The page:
27 March 2020 | Scottish Government has halted the introduction of the visitor levy bill.
9 January 2020 | Updated content in Scotland paragraph to reflect Highland Council now commencing a study into how a tax could be designed and implemented, following support to their consultation.
While best efforts have been made to verify the accuracy of the information, the information displayed should be used as guidance only.
Although no destinations currently levy a tourist tax, some local authorities (councils) in England and Scotland have expressed an interest. Further information below.
England and Wales
The Local Government Association is undertaking research on whether councils should be given the authority to implement a tax through primary legislation, should they wish. As there is unlikely to be primary legislation in the short term, some councils are considering implementing a tax through the existing Business Improvement District mechanism.
The following councils have expressed an interest in implementing a tourist tax (potentially between £1 and £2 per person/room per night):
- Birmingham (only for the period of the 2022 Commonwealth Games)
Currently, there are no approved proposals to implement a tax.
[UPDATE March 2020: The visitor levy bill due to be introduced in 2020 has been halted by the Scottish Government. We are seeking clarification as to whether the bill will be reinstated and any subsequent time frame. If the bill is reinstated, the delay is likely to mean that local authorities in Scotland (should they wish) will not be able to implement a tourist tax until 2022 at the earliest due to legislative process.]
The national government is intending to introduce primary legislation in 2020 that will give local authorities in Scotland the power to implement a tax should they wish. This power will not extend to national park authorities or community councils. The name of the tax is yet to be confirmed but the working name is transient visitor levy.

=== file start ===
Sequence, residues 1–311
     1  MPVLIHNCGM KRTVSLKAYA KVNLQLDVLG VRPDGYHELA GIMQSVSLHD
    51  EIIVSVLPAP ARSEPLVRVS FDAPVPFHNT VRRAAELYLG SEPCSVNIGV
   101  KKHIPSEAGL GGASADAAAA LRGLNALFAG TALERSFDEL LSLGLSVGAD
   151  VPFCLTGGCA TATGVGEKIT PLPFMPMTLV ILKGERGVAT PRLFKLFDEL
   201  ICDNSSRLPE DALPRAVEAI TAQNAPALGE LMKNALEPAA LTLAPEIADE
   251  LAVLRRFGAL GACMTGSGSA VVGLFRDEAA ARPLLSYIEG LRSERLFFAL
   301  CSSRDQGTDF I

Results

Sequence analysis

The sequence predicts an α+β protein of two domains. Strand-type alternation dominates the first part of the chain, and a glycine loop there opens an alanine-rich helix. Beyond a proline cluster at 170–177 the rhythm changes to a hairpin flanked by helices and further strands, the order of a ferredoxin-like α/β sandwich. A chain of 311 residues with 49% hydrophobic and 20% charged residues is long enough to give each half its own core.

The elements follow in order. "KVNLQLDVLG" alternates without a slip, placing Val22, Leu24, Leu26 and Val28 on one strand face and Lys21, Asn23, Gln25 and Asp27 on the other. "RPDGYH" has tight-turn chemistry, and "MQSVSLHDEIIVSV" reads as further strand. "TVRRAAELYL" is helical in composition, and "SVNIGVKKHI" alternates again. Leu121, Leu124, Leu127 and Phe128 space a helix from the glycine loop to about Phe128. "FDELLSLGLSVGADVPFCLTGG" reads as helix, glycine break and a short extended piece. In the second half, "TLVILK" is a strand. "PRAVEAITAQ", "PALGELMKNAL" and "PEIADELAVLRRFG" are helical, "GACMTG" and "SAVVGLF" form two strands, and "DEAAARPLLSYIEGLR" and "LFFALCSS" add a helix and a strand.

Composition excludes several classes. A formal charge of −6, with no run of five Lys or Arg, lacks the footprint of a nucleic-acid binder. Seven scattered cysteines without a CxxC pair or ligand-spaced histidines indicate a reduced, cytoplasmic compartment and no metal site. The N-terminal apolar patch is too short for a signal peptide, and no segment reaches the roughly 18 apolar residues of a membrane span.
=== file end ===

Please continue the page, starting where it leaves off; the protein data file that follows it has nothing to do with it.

The national government has said “the timescales for Parliamentary scrutiny of a Bill, and for the making of any secondary legislation which may be required, mean this power is not likely to be available to local authorities until the summer season of 2021 at the earliest.”
To date, Edinburgh wish to implement a tax (see proposal below) and the Highland Council are studying how a tax may be designed and implemented, following a favourable consultation response in 2019 to a tax being introduced.
The national government consulted on the principles of a local discretionary transient visitor levy or tourist tax in autumn 2019 and produced an initial impact assessment. Our response to the consultation can be found here. The consultation will be used to inform and shape the principles of a transient visitor levy such as the level of autonomy given to local authorities, who the levy should apply to, the design of the levy and how the revenue is used. As a result, this could affect Edinburgh’s proposal below. The Government has published the findings of the consultation here.
This consultation follows on from the national discussion in late 2018/early 2019 which we took part in. We have also been in contact with the national government prior to this consultation given our expertise on how tourism taxes are implemented across Europe and some of our work can be seen in this paper. Our lobbying priorities have also been considered (notice, reciprocity, transparency, collection process and impact on competitiveness).
The city council has approved the proposal below, subject to enabling national legislation. This proposal could change depending on provisions in national legislation yet to be passed.
Euro conversion on 9 January 2020 for comparative purposes.
(all types of accommodation except campsites)
|£ (€) per person, per night||Exempt|
(max 7 nights)
|2.00 (2.35)||To be confirmed|
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